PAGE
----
I had tons of fun introducing a roomful of kids and parents to MakeyMakey and Scratch at today’s Scratch Day, another great event organized by Michael Tempel of Logo Foundation. This edition was hosted by The Ramaz School, and I willingly woke up early on a Sunday and carried two tote bags full of materials to the Upper East Side to lead a session entitled, Cardboard Jam Band with MakeyMakey and Scratch. The description from the program is below:
Makey Makey is an invention kit that allows you to use every-day objects and materials, such as aluminum foil, play dough and bananas, to interact with your Scratch projects. Let’s construct cardboard shapes, add conductive elements, connect them to MakeyMakey, and program different instruments, sounds, and notes using Scratch to play music and form a band!
Suitable for people of all ages; no prior Scratch experience is needed.

I’m totally looking forward to running this session again on December 13th at The Town School’s Scratch Day!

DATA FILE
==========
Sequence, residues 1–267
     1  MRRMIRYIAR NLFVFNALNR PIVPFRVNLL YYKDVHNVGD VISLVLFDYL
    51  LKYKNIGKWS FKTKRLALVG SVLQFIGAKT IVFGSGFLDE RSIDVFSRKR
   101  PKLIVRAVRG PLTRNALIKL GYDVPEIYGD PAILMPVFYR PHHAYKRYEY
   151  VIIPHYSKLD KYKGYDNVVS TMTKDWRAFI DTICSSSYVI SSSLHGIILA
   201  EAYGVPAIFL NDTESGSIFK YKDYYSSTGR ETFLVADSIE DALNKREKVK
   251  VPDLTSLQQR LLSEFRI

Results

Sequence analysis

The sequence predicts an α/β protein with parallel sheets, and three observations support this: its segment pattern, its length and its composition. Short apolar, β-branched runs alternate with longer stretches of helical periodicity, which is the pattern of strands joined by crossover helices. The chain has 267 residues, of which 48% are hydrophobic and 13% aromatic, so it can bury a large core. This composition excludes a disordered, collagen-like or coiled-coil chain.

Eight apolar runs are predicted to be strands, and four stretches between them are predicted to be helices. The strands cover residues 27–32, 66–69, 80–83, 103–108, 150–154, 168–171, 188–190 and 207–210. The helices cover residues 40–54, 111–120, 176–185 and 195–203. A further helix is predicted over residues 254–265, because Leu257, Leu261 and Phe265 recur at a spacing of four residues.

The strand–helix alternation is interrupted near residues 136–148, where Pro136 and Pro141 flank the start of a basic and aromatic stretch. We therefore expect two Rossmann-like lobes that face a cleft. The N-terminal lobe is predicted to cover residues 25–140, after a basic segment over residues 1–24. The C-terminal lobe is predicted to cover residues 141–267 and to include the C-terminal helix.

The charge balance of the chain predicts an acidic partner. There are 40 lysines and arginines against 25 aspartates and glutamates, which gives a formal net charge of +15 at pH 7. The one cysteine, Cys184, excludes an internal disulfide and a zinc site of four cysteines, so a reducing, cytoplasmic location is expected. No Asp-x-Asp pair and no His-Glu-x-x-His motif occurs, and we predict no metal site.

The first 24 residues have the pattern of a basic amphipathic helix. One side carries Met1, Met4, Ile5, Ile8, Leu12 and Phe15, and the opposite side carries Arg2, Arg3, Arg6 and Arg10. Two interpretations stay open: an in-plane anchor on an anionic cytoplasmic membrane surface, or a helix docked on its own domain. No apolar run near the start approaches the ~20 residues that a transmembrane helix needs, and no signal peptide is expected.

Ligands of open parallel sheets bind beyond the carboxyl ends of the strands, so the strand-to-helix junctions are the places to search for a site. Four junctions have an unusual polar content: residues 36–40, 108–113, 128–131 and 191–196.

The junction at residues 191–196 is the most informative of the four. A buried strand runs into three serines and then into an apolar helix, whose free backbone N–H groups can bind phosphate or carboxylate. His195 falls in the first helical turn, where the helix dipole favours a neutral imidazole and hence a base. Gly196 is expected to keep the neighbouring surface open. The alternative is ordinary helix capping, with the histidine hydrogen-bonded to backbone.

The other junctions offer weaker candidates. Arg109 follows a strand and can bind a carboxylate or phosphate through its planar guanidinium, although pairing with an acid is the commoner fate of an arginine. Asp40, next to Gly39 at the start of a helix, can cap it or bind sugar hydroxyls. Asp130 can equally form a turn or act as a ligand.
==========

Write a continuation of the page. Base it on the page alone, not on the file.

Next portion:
1. I started by showing people how to use the MakeyMakey as a controller that can be attached to any conductive input (rather than only relying on the keyboard buttons of a computer). The story of how Eric Rosenbaum and Jay Silver co-invented the MakeyMakey is pretty interesting too…

2. We then had instant gratification by wiring a MakeyMakey to Eric and Jay’s Piano website and playing a tune: http://makeymakey.com/piano

3. We examined Eric’s freely shared Scratch MakeyMakey piano project to see “what’s inside” his Scratch program: https://scratch.mit.edu/projects/2543877

4. Each participant created a new blank Scratch project with up to 6 events – each event corresponded to a different key/instrument/note/duration which in turn corresponded to conductive inputs attached to the MakeyMakey.

5. Finally, everyone designed a cardboard shape with aluminum foil bits. These metal bits acted as conductive elements that were then wired to the MakeyMakey. I suggested each child make a foil bracelet to wear (with the other end clipped to Earth on the MakeyMakey) in order to conduct electricity yet keep their hands free. One sweet kid recommended making a finger ring instead. I loved that idea! So much easier to put on and take off than a bracelet!

Here are a few more pics from today: